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By no means I am referring to anyone in particular, and I do respect ppl and I want to be polite too. What I do not like in the discussion is that fundamental things are not taken into account. SFOS runs on “borrowed” devices with experimental drivers on which there is practically little control. For me this is the main issue, and that’s why camera is not that good, battery consumption is worse, radio signal issues, etc. At the same time Sony’s AOSP programme is the best option available for SFOS. Future releases will improve things with 10 II, as they did previously for 10, XA2, X, improvements might be limited and that can be a hard fact too.

It seems like re-inventing the wheel for each new xperia model ported into SFOS, I do not know if it’s called planned obsolescence or simple competition, again the reality is that Android and Apple can push huge resources, provide improvements and eliminate the weaker ;-(


‘Crap’ - your word, not mine.

I have never made a nebulous claim which has not been backed up by either a proper ‘concrete’ bug report by myself based on personal experience, or a contribution to a bug report posted by another user …

What more are you demanding?


So, what are you suggesting?

That this forum is completely pointless because nobody takes any notice of contributor’s views in terms of what bugs are important, what bugs should be fixed, and how to prioritise those bugs?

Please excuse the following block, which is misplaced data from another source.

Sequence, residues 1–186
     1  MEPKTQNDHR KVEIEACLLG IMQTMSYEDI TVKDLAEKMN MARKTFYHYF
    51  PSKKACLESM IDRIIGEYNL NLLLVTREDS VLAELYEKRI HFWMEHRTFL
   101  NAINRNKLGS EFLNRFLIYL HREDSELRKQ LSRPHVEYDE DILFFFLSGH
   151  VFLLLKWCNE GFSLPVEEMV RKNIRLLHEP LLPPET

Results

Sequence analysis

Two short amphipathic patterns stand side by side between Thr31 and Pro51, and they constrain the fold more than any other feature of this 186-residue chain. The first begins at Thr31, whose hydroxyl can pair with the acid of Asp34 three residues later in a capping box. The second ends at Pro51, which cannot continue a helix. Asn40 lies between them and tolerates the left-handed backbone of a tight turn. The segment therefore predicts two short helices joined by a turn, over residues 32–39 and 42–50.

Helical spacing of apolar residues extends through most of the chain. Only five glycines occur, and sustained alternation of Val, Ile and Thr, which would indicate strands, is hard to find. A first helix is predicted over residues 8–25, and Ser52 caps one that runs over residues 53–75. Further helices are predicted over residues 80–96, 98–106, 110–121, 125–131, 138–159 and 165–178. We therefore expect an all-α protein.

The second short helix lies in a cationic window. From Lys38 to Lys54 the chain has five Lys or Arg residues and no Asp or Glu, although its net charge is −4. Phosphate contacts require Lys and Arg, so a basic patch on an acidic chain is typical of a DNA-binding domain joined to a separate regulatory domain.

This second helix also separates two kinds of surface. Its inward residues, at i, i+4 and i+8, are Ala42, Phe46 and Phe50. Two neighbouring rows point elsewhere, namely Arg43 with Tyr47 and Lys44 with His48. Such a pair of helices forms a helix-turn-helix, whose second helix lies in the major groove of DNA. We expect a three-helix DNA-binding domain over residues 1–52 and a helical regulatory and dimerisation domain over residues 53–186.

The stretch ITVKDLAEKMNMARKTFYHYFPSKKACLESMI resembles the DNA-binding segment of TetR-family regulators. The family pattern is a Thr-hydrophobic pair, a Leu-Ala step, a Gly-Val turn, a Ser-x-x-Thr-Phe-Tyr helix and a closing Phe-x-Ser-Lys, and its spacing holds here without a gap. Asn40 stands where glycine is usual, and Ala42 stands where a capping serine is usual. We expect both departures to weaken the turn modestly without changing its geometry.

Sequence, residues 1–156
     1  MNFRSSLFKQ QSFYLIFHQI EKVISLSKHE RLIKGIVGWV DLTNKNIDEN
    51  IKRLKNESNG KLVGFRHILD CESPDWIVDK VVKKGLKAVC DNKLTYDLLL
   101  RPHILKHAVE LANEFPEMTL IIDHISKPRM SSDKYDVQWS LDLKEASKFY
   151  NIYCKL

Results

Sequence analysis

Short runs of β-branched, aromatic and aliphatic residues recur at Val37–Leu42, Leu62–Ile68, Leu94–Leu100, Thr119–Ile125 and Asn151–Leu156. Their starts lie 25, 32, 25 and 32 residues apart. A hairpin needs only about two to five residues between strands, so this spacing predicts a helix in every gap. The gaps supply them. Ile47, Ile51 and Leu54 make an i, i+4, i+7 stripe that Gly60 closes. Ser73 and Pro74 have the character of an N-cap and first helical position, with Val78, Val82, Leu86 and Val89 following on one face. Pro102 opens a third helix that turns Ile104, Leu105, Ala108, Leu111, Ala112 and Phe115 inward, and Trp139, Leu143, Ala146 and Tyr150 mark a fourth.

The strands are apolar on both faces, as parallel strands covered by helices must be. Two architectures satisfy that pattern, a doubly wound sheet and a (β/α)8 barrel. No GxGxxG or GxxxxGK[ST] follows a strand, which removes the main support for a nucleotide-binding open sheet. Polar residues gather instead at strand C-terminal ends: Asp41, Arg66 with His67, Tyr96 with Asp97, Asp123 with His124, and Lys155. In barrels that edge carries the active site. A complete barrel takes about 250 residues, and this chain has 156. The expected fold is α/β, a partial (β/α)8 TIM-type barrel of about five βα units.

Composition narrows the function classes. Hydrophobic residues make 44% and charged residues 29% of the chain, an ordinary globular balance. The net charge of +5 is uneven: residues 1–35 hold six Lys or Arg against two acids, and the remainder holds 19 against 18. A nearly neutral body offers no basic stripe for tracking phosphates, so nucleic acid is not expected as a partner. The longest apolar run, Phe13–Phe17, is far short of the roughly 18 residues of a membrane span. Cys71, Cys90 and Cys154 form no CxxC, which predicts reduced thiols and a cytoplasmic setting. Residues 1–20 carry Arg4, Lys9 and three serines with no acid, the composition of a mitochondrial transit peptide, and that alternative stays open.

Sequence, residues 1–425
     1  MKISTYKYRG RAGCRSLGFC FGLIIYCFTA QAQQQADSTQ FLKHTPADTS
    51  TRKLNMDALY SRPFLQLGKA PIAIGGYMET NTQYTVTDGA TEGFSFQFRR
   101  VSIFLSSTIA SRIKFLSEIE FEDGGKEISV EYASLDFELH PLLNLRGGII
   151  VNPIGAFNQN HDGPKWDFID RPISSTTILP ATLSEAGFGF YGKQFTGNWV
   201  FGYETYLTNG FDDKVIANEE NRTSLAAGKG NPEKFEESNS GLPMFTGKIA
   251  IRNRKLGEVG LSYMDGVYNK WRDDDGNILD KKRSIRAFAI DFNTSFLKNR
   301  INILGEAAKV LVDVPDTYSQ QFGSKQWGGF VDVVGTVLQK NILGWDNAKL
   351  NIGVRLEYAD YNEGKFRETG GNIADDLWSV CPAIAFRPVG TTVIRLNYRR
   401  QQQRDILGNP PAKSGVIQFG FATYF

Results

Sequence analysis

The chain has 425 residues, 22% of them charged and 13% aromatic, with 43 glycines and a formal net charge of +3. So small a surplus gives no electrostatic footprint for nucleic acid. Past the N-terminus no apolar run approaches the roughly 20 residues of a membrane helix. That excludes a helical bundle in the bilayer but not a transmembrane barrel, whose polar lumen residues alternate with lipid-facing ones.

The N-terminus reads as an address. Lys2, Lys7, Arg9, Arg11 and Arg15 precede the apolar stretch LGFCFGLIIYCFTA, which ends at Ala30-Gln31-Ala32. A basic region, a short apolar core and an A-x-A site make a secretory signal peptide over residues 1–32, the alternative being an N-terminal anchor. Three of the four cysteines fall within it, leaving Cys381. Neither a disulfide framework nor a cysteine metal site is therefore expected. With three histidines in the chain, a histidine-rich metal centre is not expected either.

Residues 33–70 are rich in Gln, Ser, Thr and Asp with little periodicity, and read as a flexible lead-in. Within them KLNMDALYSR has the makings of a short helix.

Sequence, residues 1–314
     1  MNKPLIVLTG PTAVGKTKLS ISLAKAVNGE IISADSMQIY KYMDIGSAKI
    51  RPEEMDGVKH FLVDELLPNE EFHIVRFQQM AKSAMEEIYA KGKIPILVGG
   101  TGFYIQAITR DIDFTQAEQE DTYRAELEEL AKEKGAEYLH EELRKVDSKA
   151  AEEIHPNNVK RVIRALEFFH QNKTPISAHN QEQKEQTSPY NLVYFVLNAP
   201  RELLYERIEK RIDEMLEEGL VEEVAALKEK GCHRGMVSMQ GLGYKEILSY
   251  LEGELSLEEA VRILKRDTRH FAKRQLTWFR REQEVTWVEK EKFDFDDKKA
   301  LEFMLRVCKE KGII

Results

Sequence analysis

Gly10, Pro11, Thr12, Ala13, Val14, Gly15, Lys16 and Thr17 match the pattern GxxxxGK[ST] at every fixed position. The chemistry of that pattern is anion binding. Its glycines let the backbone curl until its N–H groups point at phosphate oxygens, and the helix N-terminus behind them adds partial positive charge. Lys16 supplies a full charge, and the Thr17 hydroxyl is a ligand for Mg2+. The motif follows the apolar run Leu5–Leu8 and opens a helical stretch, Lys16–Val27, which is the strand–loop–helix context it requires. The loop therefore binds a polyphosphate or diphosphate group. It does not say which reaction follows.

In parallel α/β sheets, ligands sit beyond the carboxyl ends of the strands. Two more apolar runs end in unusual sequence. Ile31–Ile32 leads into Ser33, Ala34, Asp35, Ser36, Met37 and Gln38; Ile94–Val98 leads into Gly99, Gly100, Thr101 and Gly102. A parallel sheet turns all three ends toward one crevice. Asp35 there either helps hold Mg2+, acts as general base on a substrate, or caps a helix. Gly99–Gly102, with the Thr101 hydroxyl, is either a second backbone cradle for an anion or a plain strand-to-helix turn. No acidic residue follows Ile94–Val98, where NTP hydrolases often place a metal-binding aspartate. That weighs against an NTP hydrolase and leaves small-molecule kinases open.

I believe Jolla themselves have already said that they have no real interest in consumers as customers and that the community is really only being used as a ‘free’ test bed for new Sailfish releases. This being so I would have thought they’d be very interested in what contributors find with each new release?

But I guess that if you’re right we might as well all pack up and go home because we’re wasting our time …

I do understand all this, but does that mean that we, as customers, should be then happy to put up with a sub-standard product as a result? It is Jolla’s choice what they use as a platform for their mobile OS, not their customers.

Jolla are selling Sailfish as a ‘a European alternative to dominating mobile operating systems’ (Jolla website, about Sailfish) so they are clearly positioning their offering as an alternative to ios and Android (what other interpretation could there be for this statement?).

Am I the only one who thinks that this is misleading? Am I the only one who thinks that the current state of Sailfish cannot realistically be compared with the maturity, reliability, functionality and app ecosystem of ios and Android?

I know that there are a lot of very enthusiastic proponents of Sailfish on this forum, but sometimes, just sometimes, you have to be realistic.

If Jolla are selling a product, then regardless of the history and difficulties of how it is designed, the technology choices made by the company who produce the product, and the borrowed systems that it depends upon, shouldn’t the paying customer be entitled to a product that actually does what it says on the tin?